Ancient Monuments

History on the Ground

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Red Hill Cross Ridge Dyke

A Scheduled Monument in Aberedw, Powys

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Latitude: 52.1402 / 52°8'24"N

Longitude: -3.2431 / 3°14'35"W

OS Eastings: 315022

OS Northings: 249826

OS Grid: SO150498

Mapcode National: GBR YW.7865

Mapcode Global: VH6B2.QGVP

Entry Name: Red Hill Cross Ridge Dyke

Scheduled Date: 1 June 2000

Source: Cadw

Source ID: 1640

Cadw Legacy ID: RD183

Schedule Class: Defence

Category: Cross Ridge Dyke

Period: Medieval

County: Powys

Community: Aberedw

Traditional County: Radnorshire


The monument comprises a linear bank and ditch running across an upland ridge. The tradition of cross ridge dyke building appears to roughly span a millennium, beginning in the middle Bronze Age and lasting throughout the Iron Age (although perhaps with reuse and perhaps limited construction in the medieval period). They have been interpreted as territorial boundaries, defining areas of political influence (including internal territorial boundaries and land allotment within communities) and perhaps have ritual associations. The Red Hill dyke is a prominent example of a cross-ridge dyke intended to act as a barrier to movement along the Red Hill ridgeway. The bank is 4.5m wide and c. 110m long. A shallow ditch 2.5m wide lies on its eastern side facing Red Hill.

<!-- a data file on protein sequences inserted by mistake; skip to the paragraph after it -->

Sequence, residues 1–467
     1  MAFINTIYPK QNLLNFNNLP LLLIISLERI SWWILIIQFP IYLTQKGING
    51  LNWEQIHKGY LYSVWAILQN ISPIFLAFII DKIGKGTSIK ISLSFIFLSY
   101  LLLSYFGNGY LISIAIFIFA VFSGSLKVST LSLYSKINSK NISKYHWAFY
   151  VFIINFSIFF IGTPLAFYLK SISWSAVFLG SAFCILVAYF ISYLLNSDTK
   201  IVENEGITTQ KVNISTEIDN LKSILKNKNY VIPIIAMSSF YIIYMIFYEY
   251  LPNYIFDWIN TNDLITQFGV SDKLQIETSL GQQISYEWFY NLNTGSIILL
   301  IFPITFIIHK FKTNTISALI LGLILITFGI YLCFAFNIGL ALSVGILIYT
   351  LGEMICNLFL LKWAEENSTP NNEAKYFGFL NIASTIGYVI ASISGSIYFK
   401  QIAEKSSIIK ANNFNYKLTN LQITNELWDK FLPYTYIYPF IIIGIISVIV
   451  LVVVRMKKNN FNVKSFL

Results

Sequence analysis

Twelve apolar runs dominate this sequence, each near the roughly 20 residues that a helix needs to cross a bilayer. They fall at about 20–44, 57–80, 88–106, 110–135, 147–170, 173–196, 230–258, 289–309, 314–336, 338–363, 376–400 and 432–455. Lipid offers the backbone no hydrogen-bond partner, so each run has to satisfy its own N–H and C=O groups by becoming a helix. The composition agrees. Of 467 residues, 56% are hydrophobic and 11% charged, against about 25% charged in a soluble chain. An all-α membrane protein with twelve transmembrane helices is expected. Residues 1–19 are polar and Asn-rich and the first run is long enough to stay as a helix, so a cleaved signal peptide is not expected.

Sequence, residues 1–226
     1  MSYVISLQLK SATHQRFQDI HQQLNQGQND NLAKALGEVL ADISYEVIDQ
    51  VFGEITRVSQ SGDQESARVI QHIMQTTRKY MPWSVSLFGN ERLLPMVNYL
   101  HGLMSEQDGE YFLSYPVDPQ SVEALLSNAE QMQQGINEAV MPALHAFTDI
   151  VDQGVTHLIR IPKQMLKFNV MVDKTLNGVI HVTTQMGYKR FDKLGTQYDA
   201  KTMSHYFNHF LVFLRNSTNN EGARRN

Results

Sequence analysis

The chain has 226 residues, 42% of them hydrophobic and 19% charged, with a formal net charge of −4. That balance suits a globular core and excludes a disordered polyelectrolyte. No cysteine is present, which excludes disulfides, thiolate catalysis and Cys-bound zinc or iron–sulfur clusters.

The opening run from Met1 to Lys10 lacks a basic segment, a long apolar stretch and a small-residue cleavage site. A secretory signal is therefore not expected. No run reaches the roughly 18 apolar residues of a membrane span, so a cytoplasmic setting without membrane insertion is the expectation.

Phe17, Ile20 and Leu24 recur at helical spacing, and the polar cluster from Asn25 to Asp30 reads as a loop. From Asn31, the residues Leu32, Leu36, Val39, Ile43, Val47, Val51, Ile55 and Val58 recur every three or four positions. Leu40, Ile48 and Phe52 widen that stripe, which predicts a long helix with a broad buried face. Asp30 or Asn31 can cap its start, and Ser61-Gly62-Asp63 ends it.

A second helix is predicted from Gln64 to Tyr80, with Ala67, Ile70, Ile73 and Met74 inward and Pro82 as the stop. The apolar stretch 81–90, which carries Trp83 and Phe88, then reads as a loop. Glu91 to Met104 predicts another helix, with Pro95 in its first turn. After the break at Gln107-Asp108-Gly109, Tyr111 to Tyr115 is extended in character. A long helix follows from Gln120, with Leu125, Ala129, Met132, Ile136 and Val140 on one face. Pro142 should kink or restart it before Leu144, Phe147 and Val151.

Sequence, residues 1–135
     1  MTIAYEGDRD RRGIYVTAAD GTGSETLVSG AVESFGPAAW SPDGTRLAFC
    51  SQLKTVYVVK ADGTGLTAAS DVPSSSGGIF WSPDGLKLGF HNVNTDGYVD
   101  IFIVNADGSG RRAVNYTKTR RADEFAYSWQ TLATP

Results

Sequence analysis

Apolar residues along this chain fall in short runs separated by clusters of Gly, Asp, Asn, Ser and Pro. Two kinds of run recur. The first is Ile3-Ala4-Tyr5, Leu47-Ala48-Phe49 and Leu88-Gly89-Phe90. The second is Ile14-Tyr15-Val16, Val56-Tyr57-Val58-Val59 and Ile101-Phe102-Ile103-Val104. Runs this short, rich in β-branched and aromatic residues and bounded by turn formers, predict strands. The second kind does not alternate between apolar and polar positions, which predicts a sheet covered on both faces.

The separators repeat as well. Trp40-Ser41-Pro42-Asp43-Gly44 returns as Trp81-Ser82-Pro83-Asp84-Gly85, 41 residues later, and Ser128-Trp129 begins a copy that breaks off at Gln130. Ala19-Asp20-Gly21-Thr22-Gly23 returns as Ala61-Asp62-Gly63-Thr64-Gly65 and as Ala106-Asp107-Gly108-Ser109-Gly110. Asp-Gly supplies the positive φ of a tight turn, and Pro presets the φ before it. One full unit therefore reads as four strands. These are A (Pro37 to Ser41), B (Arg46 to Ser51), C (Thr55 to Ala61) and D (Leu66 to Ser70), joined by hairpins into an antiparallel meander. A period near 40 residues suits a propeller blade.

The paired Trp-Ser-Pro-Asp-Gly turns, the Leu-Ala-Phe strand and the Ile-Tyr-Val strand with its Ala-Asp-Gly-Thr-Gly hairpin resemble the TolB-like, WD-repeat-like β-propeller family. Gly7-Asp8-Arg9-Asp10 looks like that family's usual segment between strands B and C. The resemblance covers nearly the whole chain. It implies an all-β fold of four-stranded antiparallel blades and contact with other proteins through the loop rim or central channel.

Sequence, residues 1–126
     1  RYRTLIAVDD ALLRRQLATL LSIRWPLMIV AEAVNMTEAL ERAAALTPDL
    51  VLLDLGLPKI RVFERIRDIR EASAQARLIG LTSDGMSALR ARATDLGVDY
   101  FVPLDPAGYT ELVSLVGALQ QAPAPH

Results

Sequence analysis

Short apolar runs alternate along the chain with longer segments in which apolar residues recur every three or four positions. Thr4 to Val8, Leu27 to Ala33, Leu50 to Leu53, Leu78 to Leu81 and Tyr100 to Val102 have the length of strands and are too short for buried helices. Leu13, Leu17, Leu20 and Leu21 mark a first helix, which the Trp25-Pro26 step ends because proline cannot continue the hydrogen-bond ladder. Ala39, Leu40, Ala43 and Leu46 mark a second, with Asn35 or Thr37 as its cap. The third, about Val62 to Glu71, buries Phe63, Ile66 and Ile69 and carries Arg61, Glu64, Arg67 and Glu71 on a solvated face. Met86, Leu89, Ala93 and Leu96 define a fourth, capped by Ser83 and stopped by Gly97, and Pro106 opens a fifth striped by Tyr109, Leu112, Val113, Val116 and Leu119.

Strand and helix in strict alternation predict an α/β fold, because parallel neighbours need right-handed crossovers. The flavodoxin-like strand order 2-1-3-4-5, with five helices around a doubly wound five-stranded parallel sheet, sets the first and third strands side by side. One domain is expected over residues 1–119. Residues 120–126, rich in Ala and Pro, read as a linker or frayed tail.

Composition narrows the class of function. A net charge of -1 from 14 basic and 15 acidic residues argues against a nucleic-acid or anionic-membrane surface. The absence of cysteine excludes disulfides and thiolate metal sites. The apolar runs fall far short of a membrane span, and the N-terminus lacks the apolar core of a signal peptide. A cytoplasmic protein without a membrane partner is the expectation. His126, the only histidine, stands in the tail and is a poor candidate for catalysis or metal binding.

The monument is of national importance for its potential to enhance our knowledge of prehistoric land division and perhaps ritual practices. The monument is an important relic of a prehistoric landscape and retains significant archaeological potential, with a strong probability of the presence of environmental and structural evidence.

The scheduled area comprises the remains described and areas around them within which related evidence may be expected to survive. It is a rectangle and measures 150m x 30m.

Source: Cadw

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